No Culture Is an Island

Thirty-eight bands, three dance troupes, and a fire-eater are slated to perform at this weekend's Miami-Little Haiti Roots & Culture Festival. But for Albert Jean Alexis, one of the festival organizers, the crowd is the main event.

"What we're trying to do is bring unity to the community," explains Alexis. "The Jamaicans come to check out the Haitian community and they say, 'Hey, their rice and beans and plantains are like ours.' The American blacks come and listen to Haitian music and the Haitians listen to reggae and rap. Maybe they've never met each other before. Maybe they've never gone to each other's neighborhoods. But people can learn a lot by sharing."

Alexis's one-love message is reflected in the lineup of bands scheduled to play along North Miami Avenue from 54th to 62nd streets. The Haitian rasin band Koudjay, a winner at this year's Port-au-Prince carnival for its song "Big Eaters" (a commentary on elitist government hijinks), headlines. Another Haitian group, Kanpech, will play its dance-inciting brand of socially conscious roots-pop. Local Haitian bands include Top Vice, Ayabonmbe, and Kazak Eksperyans. On the reggae front: Rita Marley, Picka Pepa, and Dahima, among others. Rounding out the bill: Ratigann and Mr. Sharkk, Alex Leon y Los Leones de la Salsa, and Tito Puente, Jr.

The festival will also feature DJs set up around the neighborhood, some of them, like Soul City DJs, memorable from their showing at last year's Miami Caribbean Carnival. Local radio personalities, including WLRN's Clint O'Neil and Mike Andrews of WVCG's Caribbean Connection, will act as MCs. Vendors will offer Jamaican, Trinidadian, Haitian, and Cuban food (meaning do not eat before you go). On Saturday morning, schoolchildren bearing posters of black heroes will join a parade; stiltwalkers and Afro-Caribbean dancers will perform throughout the weekend.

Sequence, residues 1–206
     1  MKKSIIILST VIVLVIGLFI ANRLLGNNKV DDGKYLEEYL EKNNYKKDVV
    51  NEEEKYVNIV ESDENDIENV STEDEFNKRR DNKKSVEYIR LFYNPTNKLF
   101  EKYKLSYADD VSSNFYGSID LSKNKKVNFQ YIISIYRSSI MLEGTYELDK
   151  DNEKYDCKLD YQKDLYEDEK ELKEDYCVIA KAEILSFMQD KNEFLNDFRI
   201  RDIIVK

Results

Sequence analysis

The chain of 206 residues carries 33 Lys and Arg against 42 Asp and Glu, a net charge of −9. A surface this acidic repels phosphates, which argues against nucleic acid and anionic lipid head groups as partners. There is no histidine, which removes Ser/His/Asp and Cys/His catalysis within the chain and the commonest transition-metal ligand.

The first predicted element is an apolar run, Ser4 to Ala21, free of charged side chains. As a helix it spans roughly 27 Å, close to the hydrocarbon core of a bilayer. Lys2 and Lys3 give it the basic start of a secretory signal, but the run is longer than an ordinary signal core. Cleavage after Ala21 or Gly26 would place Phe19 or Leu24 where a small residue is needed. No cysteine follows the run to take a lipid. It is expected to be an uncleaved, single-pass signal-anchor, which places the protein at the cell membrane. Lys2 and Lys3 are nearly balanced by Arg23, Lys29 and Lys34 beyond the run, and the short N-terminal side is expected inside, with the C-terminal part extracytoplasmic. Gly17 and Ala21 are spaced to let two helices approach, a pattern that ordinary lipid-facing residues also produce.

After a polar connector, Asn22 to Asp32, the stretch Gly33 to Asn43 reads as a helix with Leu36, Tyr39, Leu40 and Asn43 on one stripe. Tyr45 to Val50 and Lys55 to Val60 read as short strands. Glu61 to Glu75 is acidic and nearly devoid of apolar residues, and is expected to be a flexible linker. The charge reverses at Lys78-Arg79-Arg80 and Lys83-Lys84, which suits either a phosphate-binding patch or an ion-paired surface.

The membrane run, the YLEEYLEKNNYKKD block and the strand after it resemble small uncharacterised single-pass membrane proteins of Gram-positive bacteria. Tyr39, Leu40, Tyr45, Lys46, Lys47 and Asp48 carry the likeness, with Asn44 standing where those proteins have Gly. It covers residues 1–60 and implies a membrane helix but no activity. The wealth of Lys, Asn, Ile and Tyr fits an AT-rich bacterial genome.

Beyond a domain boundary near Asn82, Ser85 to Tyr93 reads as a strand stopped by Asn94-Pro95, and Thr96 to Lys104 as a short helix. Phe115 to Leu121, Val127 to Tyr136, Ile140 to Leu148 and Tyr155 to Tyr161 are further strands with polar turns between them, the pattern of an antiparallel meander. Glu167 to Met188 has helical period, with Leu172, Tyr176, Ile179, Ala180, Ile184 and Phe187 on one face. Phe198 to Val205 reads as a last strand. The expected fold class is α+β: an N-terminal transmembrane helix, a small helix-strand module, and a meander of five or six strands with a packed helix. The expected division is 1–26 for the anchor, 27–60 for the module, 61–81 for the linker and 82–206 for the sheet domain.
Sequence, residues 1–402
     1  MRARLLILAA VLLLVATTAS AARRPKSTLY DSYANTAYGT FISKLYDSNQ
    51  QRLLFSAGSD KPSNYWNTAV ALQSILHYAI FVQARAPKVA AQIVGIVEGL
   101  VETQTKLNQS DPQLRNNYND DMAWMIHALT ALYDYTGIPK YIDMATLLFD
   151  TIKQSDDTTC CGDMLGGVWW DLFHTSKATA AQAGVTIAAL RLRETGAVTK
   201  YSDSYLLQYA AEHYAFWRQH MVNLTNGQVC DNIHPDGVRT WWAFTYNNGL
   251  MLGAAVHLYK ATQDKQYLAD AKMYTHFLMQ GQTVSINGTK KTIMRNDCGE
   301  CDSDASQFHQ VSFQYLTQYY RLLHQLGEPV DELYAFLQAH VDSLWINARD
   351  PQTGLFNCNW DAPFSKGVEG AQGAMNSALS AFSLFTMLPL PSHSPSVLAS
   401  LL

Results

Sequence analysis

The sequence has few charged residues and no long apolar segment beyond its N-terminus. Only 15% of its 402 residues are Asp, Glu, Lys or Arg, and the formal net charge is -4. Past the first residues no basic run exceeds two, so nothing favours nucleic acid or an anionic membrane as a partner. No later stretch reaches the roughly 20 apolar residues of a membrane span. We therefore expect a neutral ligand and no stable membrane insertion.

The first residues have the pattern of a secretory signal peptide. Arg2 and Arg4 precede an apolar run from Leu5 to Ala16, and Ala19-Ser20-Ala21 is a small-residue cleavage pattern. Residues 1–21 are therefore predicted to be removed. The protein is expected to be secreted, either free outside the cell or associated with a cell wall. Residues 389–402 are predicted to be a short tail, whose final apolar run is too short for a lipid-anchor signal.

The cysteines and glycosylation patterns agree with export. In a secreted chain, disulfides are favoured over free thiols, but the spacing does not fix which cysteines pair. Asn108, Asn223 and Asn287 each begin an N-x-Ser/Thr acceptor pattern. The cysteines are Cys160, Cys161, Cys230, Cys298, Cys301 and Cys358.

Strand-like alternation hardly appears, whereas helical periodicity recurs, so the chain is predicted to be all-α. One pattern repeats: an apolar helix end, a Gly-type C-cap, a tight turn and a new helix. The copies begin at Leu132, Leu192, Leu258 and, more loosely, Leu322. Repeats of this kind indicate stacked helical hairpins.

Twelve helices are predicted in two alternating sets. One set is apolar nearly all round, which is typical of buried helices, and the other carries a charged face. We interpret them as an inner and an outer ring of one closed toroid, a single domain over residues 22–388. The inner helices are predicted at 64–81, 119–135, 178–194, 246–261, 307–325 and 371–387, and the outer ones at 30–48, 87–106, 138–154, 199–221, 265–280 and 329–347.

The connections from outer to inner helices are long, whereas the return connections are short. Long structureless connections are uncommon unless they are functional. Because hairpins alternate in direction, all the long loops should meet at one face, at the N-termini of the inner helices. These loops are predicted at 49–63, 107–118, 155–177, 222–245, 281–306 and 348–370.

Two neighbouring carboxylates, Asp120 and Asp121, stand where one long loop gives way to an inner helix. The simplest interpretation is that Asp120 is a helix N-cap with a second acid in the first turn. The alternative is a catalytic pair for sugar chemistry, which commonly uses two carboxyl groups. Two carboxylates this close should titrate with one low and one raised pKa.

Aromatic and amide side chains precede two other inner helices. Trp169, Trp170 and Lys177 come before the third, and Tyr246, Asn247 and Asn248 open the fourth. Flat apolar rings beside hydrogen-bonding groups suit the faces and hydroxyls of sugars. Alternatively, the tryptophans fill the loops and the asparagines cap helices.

Alexis stresses that the festivities (a two-day event for the first time this year), which coincide with Haitian Flag Day (May 17), are not all fun and games. "We want to bring some money into the community," he notes. "We want to bring the tourists to the black community so they know it's okay to come here. They can hear our music and taste our food and have a good time. When they go home, they'll feel like they've visited a Caribbean island."

Last year 200,000 people attended the one-day Roots & Culture Festival, according to Alexis, who adds that the only reported "incidents" were a few towed cars.

-- Judy Cantor

The Miami-Little Haiti Roots & Culture Festival takes place Saturday, May 16, from 11:00 a.m. to 9:00 p.m., and Sunday, May 17, from 11:00 a.m. to 11:00 p.m. on North Miami Avenue between 54th and 62nd streets. Admission is free. Call 756-5627.

 
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